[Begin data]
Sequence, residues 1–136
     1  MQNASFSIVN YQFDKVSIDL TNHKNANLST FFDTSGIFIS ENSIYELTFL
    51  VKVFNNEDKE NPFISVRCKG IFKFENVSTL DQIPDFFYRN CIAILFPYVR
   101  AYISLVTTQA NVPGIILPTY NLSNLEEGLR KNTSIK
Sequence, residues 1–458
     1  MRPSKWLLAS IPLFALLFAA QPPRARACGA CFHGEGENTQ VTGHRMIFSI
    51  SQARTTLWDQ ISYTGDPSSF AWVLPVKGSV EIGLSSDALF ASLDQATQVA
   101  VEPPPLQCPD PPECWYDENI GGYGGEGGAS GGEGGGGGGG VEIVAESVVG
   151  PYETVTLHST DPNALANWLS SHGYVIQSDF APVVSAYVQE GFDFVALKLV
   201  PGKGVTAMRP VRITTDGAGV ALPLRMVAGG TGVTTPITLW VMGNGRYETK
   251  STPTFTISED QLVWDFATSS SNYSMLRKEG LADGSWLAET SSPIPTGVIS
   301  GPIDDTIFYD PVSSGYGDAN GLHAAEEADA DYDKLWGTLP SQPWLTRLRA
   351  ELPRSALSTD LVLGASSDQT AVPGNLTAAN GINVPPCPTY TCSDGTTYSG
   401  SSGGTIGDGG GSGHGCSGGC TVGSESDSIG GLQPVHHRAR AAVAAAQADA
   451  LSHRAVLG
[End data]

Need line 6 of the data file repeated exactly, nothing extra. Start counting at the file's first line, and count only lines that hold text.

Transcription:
     1  MRPSKWLLAS IPLFALLFAA QPPRARACGA CFHGEGENTQ VTGHRMIFSI